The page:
SUV with fake plates adds to Corona’s woes

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01:31 AM May 26th, 2012

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May 26th, 2012 01:31 AM

As if his troubles were not enough, Supreme Court Chief Justice Renato Corona who is now undergoing impeachment proceedings will face a new probe, this time over one of his vehicles found to be bearing an apparently false license plate number.

The Highway Patrol Group (HPG) of the Philippine National Police said it found that Corona’s black Chevrolet Suburban sports utility vehicle was sporting a plate number registered to another car, prompting its director, Chief Supt. Leonardo Espina, to order an investigation.

Espina said the irregularity first came to the agency’s attention when a complainant, a businessman from Cebu, saw TV footage of Corona’s vehicle on the Senate grounds on Wednesday and was “surprised” to find it bore the same plate number as his white Mitsubishi L300 van.

The plate number which both vehicles carried was ZEE 868.

Bonifacio Gomez Jr., the president of Nutripharm Inc., a pharmaceutical company based in Happy Valley in Cebu, filed a complaint with the HPG, which then looked at the records of the Land Transportation Office (LTO), Espina said.

“When we pulled out all the papers at the LTO, we saw that true enough, that license plate belonged to an L300 van,” Espina said.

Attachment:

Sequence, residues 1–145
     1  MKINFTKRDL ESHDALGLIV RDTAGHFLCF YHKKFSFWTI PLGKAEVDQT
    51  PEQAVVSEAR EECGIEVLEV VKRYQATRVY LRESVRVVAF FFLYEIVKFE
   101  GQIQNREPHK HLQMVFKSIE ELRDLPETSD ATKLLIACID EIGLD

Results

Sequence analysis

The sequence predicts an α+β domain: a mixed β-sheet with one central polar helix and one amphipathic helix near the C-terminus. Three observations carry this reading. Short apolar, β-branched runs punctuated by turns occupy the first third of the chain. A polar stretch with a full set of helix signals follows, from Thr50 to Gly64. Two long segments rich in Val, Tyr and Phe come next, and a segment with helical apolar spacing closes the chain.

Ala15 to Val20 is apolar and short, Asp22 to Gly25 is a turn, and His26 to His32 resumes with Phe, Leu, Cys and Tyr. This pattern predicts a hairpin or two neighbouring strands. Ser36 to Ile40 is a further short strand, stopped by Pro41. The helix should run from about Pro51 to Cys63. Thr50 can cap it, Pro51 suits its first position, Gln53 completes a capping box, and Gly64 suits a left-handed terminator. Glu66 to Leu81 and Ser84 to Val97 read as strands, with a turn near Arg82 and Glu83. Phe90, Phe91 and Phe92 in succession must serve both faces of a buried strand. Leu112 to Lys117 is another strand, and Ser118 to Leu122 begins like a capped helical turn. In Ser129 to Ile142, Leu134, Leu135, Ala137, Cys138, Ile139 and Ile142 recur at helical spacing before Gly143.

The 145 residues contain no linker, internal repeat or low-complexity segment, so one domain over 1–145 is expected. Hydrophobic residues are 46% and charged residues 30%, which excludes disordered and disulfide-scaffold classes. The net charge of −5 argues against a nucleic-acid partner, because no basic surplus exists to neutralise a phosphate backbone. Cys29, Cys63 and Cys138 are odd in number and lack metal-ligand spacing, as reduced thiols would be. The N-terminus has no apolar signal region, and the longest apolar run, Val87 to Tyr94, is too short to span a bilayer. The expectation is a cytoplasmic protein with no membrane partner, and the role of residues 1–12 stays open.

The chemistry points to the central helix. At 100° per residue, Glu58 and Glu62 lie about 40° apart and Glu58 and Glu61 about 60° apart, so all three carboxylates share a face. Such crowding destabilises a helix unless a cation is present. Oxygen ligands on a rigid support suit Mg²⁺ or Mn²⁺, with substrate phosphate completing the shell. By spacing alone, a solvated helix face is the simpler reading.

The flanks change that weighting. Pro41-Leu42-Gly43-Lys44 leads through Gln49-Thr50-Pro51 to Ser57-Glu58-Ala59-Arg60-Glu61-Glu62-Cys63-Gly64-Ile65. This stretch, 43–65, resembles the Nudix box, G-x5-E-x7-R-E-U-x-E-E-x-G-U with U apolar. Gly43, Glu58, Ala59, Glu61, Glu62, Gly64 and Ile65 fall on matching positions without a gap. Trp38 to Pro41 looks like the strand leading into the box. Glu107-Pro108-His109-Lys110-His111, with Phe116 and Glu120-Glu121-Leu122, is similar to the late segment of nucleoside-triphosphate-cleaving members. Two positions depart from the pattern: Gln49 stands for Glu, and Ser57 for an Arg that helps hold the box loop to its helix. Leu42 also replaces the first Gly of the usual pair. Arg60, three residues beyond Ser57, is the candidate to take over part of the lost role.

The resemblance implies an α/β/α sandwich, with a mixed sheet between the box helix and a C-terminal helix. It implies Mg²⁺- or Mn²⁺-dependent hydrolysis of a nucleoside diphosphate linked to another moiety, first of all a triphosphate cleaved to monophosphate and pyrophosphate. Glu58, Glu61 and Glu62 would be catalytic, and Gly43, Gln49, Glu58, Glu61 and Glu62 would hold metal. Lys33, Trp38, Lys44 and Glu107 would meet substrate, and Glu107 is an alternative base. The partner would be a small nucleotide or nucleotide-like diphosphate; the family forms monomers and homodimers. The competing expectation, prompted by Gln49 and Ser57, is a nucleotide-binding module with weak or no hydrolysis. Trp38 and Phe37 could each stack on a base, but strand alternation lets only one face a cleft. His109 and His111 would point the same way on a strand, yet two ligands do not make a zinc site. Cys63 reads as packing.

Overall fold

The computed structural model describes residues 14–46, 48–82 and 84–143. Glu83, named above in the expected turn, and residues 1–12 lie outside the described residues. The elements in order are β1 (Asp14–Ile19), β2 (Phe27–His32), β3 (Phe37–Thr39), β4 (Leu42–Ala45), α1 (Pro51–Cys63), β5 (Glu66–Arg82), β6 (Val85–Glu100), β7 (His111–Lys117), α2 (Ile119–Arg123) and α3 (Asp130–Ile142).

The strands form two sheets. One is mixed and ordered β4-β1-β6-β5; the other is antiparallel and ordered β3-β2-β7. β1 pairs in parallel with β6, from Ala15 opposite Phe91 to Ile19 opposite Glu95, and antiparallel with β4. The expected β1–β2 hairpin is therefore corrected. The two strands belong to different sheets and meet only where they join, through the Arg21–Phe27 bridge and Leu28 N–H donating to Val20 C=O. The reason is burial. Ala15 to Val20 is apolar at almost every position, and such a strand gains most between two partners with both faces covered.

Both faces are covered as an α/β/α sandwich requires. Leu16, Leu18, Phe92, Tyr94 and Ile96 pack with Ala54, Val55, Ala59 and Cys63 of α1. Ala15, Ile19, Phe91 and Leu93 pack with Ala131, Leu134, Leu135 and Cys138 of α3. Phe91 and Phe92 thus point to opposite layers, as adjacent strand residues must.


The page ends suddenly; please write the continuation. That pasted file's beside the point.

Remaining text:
Rental vehicle

He said he instructed his men to ask Corona or his aides for the registration papers of the SUV and other documents. He said the vehicle would not be impounded pending the result of the investigation.

But Espina added that it was not clear to the HPG if Corona indeed owned the SUV, just that he was seen on TV boarding that vehicle. One of Corona’s lawyers, Tranquil Salvador, said the SUV was a rental vehicle.

As of Friday evening, he said, an HPG team had already been deployed to check with Corona and seek an explanation.

The owner of the SUV could face violations of Batas Pambansa 43, a law penalizing the illegal transfer of license plates. It is punishable by a fine of P5,000 or imprisonment of six months, or both, depending on the discretion of the court.

Asked if the matter could be the LTO’s fault, Espina said: “I don’t think so. But we will determine that after the investigation.”

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